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Jeff Green's Dunk of the Week Proves Boston Celtics Should Take KG's Advice

MIAMI, FL - MAY 11: Jeff Green #8 of the Boston Celtics warms up before Game Five of the Eastern Conference Semifinals of the 2011 NBA Playoffs against the Miami Heat at American Airlines Arena on May 11, 2011 in Miami, Florida. NOTE TO USER: User expressly acknowledges and agrees that, by downloading and/or using this Photograph, User is consenting to the terms and conditions of the Getty Images License Agreement.  (Photo by Mike Ehrmann/Getty Images)
Mike Ehrmann/Getty Images
Josh BenjaminCorrespondent INovember 15, 2012

Though the Boston Celtics are currently on a three-game winning streak and have a 5-3 record, forward Kevin Garnett still isn't satisfied. In a report by Steve Bulpett of The Boston Herald, the 14-time All Star was quick to mention teammate Jeff Green, whom he said needed to play like an...well, you know.

The gist of it is that the entire Celtics second unit needs to play harder, as no team can rely solely on its starters to carry the team the entire way. From Green to Courtney Lee to rookie Jared Sullinger, the Celtics need to play far more aggressively if they want to seriously contend in the long run.

Fortunately for Boston, Green took Garnett's advice in Wednesday night's game against the Utah Jazz. The former Georgetown Hoya scored 16 points in 27 minutes off the bench as the Celtics won 98-93.

However, the highlight of the night was Green's absolutely merciless dunk over Jazz center Al Jefferson.

Not only did he execute a great slam over one of the league's top big men, but he got a technical foul after doing so. If that isn't taking Garnett's advice, I don't know what is.

More importantly, Green's dunk is a testament to the toughness and physicality normally associated with the Celtics franchise. Once the rest of the bench players adopt this philosophy, the possibilities will be endless as the regular season carries on and the postseason arrives.

Simply put, the second unit cannot be carried by Green alone. Courtney Lee has been terrible since signing a four-year, $21.5 million deal over the summer, so bad to the point where he has been replaced in the starting lineup by Jason Terry and has only scored 18 points over his last five games. In terms of playing time, he has logged under 20 minutes in four of his past five games.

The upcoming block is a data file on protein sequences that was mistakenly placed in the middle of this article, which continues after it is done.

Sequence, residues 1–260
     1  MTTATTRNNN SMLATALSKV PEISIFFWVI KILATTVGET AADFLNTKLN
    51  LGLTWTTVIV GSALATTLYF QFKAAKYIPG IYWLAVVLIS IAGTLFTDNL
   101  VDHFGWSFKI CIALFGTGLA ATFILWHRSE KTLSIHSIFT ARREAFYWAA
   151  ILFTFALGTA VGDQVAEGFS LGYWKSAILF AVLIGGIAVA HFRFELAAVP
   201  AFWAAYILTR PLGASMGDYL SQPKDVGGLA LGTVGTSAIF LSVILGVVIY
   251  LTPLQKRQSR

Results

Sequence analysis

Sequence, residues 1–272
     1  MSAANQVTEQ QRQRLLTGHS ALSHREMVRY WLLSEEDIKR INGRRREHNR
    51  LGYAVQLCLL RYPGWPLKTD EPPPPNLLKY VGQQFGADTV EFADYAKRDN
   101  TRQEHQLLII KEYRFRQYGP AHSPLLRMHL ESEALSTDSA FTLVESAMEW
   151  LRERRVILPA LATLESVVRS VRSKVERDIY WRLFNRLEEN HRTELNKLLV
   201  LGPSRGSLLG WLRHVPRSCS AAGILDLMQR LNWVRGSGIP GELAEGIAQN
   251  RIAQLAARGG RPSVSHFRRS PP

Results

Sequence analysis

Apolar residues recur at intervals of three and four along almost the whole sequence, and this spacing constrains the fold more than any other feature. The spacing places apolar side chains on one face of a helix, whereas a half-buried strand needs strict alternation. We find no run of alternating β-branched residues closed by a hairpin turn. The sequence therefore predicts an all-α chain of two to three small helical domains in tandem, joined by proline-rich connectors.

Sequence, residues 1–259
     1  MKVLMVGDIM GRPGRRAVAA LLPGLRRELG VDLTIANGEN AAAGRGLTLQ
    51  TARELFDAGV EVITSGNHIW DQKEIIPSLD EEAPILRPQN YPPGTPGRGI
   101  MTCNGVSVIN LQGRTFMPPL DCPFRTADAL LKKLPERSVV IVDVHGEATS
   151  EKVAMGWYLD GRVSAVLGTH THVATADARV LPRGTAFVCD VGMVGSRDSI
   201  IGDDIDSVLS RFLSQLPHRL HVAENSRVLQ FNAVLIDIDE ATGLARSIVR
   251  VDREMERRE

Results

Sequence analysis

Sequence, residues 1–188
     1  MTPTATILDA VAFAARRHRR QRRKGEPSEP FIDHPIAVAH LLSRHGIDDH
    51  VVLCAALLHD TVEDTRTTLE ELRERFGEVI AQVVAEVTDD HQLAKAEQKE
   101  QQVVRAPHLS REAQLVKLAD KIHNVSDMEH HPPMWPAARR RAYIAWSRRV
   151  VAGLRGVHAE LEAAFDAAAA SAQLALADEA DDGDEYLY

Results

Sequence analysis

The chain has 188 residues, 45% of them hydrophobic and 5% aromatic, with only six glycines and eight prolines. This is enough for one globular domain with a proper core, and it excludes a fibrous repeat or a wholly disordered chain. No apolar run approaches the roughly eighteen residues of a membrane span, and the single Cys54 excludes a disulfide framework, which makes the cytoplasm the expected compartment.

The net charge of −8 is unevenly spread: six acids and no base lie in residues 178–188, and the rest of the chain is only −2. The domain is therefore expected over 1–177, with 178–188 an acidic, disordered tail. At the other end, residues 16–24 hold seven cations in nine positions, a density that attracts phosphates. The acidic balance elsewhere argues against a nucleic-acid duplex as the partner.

This is just plain sad, considering how Lee proved with the Rockets last season that he can be a solid shooter and also do some fine work above the rim. He's only averaging five field goal attempts per game, so he has to demand the ball more and be careful with his shot selection. Once he starts making those shots consistently, he'll finally start to look like the man GM Danny Ainge thought he was getting.

In the frontcourt, Jared Sullinger needs to do more with his 16.9 minutes per game. He has a great NBA body at 6'9", 260 pounds, and his 3.4 points and 3.8 rebounds per game just aren't cutting it.

Rather, Sullinger needs to play like he's the second coming of Glen "Big Baby" Davis, who is of a similar build.

Davis played a key role coming off the bench for Boston ever since debuting in 2007, and his large frame proved to be a godsend in the low post. His tough defense, albeit in limited minutes, was one of the main reasons Boston won the NBA Finals in 2008 and returned in 2010, only to lose to the Los Angeles Lakers.

Everyone else on the Celtics bench can contribute accordingly, but there is only one point that head coach Doc Rivers needs to drive home: toughness, defense, and some more toughness for good measure. Yes, Boston has been playing well as of late, but they still look too passive as a whole. They need to become the team that will fight and claw throughout a game, not just at certain moments.

By playing consistently aggressive defense, the Celtics will no longer look like an old squad that just barely misses in the playoffs and instead like the storied franchise all basketball fans love to watch.

With Green continuing to play hard as he did against Utah, it's only a matter of time before the rest of the bench follows.

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